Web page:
Our first campaign was a $6 million "brand credibility" and awareness campaign, consisting of both print and online work that broke in nine countries, including the U.S., Canada, the U.K., France, Germany, Italy, Japan, Australia and Brazil.
The work targets C-level executives reading key business publications such as The Wall Street Journal, The New York Times, The Times (London), Financial Times, Business Week, Forbes and The Economist.
How does Draft New York compare with Draft Chicago and other Draft offices?
Every office has its strengths. Draft New York has an extremely prolific broadcast production team, which produced over 700 variations on almost 30 spots last year. Our direct mail capabilities are unmatched, even more so now that we have DraftWorks.
The Chicago office leads in promotions and retail. We partner with them at every opportunity to tap into that expertise. Both offices have an exceptionally strong digital offering. Overall, any client working with either office can tap into the resources of both. And of course, we overlap. Chicago's TV campaigns are brand-building efforts, and our retail and promotions work is also extremely strong.
Globally, each office has its own strengths, but all of them make excellent partners for us, especially with global clients like CA. Overall the New York office is the largest with regard to revenue and staff.
What is the state of direct and interactive today?
There's never been a better time to be in this industry. According to Advertising Age, direct revenue reached an all-time high in 2003. Its share of the marketing pie continues to grow at the expense of traditional media.
According to the Direct Marketing Association, direct mail spending increased 6.5 percent in 2003, outpacing newspapers, TV and radio. It also outpaced total advertising spending overall. There was $10 billion spent on Internet advertising in 2004, up 32 percent from 2003.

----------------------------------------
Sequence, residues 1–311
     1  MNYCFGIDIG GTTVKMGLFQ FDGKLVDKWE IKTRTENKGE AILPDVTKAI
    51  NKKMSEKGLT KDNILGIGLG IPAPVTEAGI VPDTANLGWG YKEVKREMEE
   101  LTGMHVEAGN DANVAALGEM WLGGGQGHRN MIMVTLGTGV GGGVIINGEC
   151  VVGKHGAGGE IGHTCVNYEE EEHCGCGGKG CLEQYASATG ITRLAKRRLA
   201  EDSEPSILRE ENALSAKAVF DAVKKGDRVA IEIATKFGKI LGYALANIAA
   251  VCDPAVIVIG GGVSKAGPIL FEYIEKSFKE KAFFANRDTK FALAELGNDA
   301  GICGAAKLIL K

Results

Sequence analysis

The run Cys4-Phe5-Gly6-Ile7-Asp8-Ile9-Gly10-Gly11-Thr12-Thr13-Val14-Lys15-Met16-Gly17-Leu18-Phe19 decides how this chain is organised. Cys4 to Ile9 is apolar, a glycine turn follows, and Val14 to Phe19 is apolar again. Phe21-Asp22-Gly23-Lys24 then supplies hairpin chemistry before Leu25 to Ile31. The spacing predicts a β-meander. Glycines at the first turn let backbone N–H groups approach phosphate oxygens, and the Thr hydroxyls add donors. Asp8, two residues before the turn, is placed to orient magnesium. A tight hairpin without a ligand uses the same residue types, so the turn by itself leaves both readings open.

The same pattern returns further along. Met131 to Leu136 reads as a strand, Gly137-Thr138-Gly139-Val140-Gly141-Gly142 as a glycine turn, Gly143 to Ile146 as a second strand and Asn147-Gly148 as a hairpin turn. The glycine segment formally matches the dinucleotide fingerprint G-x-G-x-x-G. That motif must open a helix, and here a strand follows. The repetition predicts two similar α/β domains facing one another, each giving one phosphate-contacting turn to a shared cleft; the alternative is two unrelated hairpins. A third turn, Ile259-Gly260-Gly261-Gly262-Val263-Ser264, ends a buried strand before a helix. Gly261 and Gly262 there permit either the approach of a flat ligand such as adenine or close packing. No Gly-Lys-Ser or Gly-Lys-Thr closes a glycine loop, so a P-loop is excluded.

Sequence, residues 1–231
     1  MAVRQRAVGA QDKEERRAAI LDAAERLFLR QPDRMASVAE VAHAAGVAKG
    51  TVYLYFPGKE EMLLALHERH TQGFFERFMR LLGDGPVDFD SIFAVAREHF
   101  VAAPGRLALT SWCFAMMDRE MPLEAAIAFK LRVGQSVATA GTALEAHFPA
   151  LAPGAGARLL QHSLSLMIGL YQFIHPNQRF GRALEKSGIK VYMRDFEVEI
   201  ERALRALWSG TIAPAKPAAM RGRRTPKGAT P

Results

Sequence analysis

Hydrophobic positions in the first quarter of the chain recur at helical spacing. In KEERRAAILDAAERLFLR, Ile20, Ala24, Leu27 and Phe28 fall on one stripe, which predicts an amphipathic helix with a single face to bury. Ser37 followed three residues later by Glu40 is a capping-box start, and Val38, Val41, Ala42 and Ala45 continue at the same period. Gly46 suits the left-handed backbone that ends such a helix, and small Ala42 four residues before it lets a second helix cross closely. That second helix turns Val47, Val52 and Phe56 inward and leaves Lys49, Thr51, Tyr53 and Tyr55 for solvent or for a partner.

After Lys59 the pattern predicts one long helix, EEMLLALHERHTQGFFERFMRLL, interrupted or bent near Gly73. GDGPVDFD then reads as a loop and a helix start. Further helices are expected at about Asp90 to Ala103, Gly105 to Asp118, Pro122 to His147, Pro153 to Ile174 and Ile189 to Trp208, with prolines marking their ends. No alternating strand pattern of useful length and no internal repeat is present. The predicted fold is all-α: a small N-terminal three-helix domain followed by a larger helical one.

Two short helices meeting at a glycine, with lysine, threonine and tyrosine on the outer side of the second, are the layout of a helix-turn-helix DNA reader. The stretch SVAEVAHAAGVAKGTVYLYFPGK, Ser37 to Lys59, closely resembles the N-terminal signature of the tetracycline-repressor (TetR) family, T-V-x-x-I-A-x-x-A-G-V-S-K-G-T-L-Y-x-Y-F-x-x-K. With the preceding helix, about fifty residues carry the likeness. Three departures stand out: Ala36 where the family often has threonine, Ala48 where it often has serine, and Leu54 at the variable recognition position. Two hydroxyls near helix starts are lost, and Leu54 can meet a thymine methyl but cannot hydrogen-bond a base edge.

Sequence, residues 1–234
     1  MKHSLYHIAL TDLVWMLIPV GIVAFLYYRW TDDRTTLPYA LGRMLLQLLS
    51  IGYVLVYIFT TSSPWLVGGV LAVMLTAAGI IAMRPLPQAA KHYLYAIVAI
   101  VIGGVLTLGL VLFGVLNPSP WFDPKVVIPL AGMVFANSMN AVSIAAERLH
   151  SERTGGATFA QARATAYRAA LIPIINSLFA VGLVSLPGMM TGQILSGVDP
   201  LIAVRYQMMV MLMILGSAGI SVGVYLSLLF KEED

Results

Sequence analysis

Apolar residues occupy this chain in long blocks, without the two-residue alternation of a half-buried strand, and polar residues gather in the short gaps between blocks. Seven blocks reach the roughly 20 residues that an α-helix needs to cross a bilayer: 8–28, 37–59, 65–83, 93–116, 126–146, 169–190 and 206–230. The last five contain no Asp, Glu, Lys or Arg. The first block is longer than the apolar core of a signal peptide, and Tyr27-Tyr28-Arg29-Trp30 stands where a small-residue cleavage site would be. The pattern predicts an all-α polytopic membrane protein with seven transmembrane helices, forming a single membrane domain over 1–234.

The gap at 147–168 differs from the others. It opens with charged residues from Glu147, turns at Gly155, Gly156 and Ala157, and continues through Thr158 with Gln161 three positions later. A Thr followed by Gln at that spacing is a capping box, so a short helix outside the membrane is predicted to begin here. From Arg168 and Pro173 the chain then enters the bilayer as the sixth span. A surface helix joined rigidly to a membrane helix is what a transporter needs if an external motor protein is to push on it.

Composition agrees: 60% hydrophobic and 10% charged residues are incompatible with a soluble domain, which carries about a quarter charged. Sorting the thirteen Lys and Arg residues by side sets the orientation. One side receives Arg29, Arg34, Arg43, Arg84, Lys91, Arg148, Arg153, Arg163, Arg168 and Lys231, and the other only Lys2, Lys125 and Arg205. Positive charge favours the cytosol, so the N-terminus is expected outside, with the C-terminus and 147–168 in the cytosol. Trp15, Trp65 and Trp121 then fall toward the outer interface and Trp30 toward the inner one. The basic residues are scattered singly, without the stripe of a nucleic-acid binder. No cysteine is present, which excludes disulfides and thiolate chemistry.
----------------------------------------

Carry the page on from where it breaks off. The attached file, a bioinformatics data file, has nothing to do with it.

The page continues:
But it's not about the money being there. It's about the attitude. I mentioned the Ad Age 5 stars? That represents a change in mindset. We're not relegated to the below-the-line category anymore. We're welcomed alongside "traditional" or "general" advertising. In fact, we've really become general advertising.
Where do you want to take Draft New York next?
I am all about growth. My staff knows that as soon as they come to me having reached one milestone, I will look them in the eye and say "What's next?" I always remind them that it's not about never being satisfied. I love what we have achieved. I just know that with the people I have under me, we can do anything.
I want us to grow. I want us to attract even more clients. I want our creative to continue to get better and better. I want it all, and truly believe we can have it all. We just need to keep our focus and discipline and never take a momentary setback as a permanent condition.
Tell us about you personally. How did you come to have the role you have now?
Believe it or not, I started out studying to be a priest, even taking first vows. But the secular world really called to me and instead of taking final vows I entered the marketing world, client side at first, and eventually founded my own agency, Adler Boschetto Peebles. We sold to IPG in 1997. That's how I came to Draft. I first joined Draft as general manager of the New York office and was named president in 2002.
Is marketing as a career as uplifting and challenging as you thought it would be?
More than I thought it would be, and it's because of the people - the ones you hire and work with, the clients you forge relationships with, the creativity you surround yourself with day-to-day. Really, it's inspiring.
I love going to work in the morning. I invite new hires to a joint breakfast once a month and I bound in with all this energy and can't wait to meet everyone from the assistants to the new officers. I don't believe in corporate "rock stars." I believe in having chart-topping bands. If you hire people who form a cohesive whole and who look out for each other, you reap great success. And I love seeing that happen.